Collective bargaining between Memorial University’s faculty union and the university’s administration reached an impasse the week of Nov. 9, after a year of negotiations, said the Memorial University of Newfoundland Faculty Association (MUNFA).
“A central issue for us was a fairer deal for our most vulnerable members. Some of them have been teaching at Memorial for 15 or 20 years on short-term contracts. They have no job security and little chance of being made permanent. We don’t think that’s acceptable,” said Robin Whitaker, MUNFA president.
At Memorial, instructors on limited contracts teach about half of all courses, said the union.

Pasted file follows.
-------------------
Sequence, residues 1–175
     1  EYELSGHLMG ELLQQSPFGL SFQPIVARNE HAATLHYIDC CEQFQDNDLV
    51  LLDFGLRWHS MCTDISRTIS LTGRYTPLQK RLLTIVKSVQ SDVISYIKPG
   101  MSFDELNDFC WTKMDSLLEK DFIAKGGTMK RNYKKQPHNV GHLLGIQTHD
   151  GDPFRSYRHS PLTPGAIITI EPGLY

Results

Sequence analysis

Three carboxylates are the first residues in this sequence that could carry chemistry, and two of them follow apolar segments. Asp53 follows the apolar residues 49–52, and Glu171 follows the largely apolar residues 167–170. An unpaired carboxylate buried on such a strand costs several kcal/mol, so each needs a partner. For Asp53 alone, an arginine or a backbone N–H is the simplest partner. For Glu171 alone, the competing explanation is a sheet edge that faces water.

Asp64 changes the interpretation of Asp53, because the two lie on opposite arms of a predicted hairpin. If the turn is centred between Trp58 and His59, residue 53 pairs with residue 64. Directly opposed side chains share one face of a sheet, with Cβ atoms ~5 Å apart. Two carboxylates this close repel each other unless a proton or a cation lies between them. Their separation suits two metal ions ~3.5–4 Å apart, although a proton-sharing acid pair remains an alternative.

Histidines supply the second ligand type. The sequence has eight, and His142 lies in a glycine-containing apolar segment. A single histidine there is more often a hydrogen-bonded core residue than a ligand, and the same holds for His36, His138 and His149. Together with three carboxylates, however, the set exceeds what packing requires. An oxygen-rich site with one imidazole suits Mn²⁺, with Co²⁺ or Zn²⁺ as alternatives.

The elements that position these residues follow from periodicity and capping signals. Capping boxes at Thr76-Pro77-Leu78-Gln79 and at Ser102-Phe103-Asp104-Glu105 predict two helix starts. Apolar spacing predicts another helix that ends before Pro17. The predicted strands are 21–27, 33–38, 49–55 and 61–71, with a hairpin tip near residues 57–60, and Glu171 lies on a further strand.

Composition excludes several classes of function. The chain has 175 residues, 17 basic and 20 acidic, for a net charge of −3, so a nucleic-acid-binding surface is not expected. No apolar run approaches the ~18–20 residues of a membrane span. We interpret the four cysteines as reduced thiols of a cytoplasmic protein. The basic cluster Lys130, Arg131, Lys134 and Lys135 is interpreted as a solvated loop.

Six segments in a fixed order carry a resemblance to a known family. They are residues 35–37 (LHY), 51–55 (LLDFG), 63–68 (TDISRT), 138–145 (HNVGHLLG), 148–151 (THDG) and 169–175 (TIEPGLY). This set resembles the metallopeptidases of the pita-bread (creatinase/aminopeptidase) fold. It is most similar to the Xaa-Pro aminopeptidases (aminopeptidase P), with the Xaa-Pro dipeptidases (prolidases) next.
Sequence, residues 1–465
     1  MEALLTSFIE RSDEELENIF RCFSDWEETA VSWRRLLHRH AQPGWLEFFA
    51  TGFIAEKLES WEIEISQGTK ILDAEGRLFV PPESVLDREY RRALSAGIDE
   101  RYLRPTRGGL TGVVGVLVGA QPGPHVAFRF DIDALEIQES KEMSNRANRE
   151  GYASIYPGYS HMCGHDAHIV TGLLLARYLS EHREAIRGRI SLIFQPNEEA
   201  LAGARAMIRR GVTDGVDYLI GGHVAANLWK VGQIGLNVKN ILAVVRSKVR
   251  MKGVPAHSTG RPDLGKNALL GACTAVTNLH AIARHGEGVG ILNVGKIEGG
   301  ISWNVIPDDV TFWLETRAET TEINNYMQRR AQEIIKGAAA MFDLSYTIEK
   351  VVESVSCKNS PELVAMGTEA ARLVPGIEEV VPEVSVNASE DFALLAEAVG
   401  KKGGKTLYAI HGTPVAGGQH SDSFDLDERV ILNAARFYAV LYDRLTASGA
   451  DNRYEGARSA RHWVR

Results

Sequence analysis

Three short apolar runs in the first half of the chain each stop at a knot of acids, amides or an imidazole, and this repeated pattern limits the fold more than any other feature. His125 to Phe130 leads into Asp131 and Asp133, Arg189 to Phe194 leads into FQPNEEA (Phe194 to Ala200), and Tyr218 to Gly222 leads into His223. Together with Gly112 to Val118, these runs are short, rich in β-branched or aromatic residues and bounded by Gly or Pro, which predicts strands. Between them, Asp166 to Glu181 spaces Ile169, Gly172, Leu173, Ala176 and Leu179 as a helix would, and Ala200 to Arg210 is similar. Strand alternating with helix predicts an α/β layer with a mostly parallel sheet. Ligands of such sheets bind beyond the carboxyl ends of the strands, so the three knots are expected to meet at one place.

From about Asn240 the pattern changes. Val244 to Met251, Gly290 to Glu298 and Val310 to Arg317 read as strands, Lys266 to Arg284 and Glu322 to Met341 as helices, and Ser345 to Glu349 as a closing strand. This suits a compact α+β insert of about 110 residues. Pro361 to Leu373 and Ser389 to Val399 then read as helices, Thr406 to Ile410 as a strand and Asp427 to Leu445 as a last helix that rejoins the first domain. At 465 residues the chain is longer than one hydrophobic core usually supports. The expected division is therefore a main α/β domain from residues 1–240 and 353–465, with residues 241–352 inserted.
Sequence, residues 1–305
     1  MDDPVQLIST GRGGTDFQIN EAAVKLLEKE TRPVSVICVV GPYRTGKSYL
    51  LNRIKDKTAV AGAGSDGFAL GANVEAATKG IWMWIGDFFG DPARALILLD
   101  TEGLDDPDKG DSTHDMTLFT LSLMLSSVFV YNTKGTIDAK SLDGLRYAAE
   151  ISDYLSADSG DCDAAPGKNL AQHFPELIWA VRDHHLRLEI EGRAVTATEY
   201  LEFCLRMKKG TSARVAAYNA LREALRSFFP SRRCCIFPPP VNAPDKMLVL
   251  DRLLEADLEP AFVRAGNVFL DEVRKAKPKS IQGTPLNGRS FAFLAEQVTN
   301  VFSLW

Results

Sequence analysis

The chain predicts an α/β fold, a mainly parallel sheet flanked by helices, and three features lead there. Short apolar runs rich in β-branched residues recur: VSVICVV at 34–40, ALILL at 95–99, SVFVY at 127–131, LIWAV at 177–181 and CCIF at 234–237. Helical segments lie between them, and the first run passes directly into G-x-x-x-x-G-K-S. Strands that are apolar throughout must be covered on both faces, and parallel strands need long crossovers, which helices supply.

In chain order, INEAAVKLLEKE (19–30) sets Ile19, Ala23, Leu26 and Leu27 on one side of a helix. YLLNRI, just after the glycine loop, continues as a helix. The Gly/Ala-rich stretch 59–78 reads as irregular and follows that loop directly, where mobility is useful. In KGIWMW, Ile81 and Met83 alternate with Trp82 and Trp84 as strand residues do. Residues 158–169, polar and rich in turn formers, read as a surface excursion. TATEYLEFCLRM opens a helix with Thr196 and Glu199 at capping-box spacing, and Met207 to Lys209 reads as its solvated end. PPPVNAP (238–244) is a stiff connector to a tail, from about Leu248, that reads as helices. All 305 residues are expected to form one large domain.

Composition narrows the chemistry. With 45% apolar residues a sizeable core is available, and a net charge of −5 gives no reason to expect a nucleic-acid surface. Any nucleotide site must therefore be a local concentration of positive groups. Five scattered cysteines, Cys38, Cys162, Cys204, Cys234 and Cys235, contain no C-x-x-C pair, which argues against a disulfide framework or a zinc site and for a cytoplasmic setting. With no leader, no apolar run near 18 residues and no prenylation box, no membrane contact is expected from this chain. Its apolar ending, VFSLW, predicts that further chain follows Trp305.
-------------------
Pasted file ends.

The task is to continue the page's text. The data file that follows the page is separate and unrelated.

“The university clearly depends on their work,” said Whitaker. “Yet, they can never be sure they’ll be rehired after their contract ends.”
MUNFA proposed a seniority-based right of first refusal for qualified contract academics. This provision would give contract faculty a measure of security without costing the university anything. The university administration initially agreed to this proposal, but withdrew it from their final offer to MUNFA, said the union.
MUNFA’s negotiating committee had previously agreed to take a three-year salary freeze, said Whitaker.
The union is part of a wave of faculty associations fighting the casualization of academic work, a trend documented by recent research from the Canadian Association of University Teachers and the Canadian Centre for Policy Alternatives, according to MUNFA.
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